Global X Launches Two China Sector ETFs

by on December 1, 2009 | ETFs Mentioned:

New York-based Global X Funds, the issuer behind the first U.S.-listed ETFs offering exposure to Colombia and the Nordic region, announced the launch of two new funds focusing on China on Tuesday. The Global X China Industrials ETF (CHII) and China Consumer ETF (CHIQ) are the first funds to offer sector-specific exposure within the China market. CHIQ will seek to replicate the performance of the S-BOX China Consumer Index, a benchmark that measures the performance of the consumer sector in China. As of October 30, the largest companies in the index included food and beverage companies Tingyi and Want Want China, automobile company Dongfeng Motor Group, department store firm Parkson Retail Group, and sports apparel company Li Ning. 

Temple of HeavenCHII will track the S-BOX China Industrials Index, a benchmark that includes infrastructure groups (China Communications Construction and China Railway Group), diversified industrial manufacturers (BYD Company), and building materials firms (China National Building Material Group).

Both new funds will charge an expense ratio of 0.65%, making them very competitive from a cost perspective with existing China ETFs. By comparison, the iShares FTSE/Xinhua China 25 Index Fund (FXI), by far the largest China-focused ETF available to U.S. investors, charges 0.74%.

As China has become an increasingly large and important component of the global economy, ETF options targeting the Middle Kingdom have gradually expanded, a trend continued by the new Global X funds. While most international ETFs focus primarily on mega-cap stocks, investors are able to access all sizes of companies within China through the Small Cap China ETF (HAO) and All-Cap China ETF (YAO) from Claymore. Now Global X has made sector-specific investing in China possible, a space that has significant room for growth. Global X is planning to expand its line of China sector funds with a China Energy ETF (CHIE), China Financials ETF (CHIX), China Materials ETF (CHIM), and China Technology ETF (CHIN) at some point in the future.

Earlier this year, Emerging Global Advisors pioneered sector-specific foreign ETFs, launching three targeted emerging funds focusing on financials (EFN), energy (EEO), and metals and mining (EMT).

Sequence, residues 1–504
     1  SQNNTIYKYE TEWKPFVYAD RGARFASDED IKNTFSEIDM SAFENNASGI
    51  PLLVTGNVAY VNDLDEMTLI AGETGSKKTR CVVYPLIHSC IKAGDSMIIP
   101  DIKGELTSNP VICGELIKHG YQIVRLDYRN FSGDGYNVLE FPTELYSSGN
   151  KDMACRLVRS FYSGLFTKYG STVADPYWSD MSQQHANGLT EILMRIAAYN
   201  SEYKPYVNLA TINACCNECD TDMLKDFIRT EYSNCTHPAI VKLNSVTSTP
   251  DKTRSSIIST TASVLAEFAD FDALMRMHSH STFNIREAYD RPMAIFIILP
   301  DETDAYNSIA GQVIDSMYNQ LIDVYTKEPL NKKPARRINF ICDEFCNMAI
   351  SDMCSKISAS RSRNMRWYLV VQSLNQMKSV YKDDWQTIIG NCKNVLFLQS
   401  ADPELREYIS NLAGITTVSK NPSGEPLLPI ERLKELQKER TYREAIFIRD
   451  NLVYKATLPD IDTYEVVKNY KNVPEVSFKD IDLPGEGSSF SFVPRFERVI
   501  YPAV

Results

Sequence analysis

China Of Today…And Tomorrow

Global X had filed for approval on several sector-specific funds (including the four not-yet-available ETFs listed above). The decision to lead with the industrials and consumer funds seems like a good one, offering exposure to two engines of global growth: one that has powered the country in the past and one that looks to be a major player going forward. “China is an incredibly efficient manufacturing hub for the world, as well as the main source of growth in global consumer demand,” said Bruno del Ama, CEO of Global X Management. “The China Industrials ETF and China Consumer ETF provide efficient and diversified access to these China manufacturing and consumption themes.”

The industrial sector of China has expanded rapidly in recent decades, propelling the Chinese economy to become one of the world’s largest. And the government continues to actively encourage growth in this sector, with an $850 billion stimulus package currently focused on construction, railways, subways, and airports. While China’s largest cities have become world-class financial and business centers that perhaps resemble developed markets, there exists a huge cap between the major metropolises and relatively undeveloped rural areas more characteristic of emerging markets. With huge needs for infrastructure development still, the industrial sector in China may see significant growth in years ahead. According to economic forecasting firm IHS Global Insight, China will overtake the U.S. as the world’s largest manufacturer by 2015.

The consumer sector in China is perhaps much less developed, but holds tremendous promise for the future. Along with the ongoing urbanization of the Chinese people comes an increase in disposable income and quality of living. As China’s citizens abandon their agriculture employment in favor of higher-paying jobs in big cities, the country’s middle class seems likely to explode, creating demand for all types of consumer products that had previously been exported. Consumer spending accounts for only about 35% of China’s GDP, half the level of the U.S. While there are a number of ways to present the tremendous potential of the consumer sector in China, perhaps the statistics on car ownership are most compelling. Currently in China, there are approximately 10 motor vehicles per 1,000 people, compared to 765 in the U.S.

See the Global X press release here (PDF)

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Disclosure: No positions at time of writing.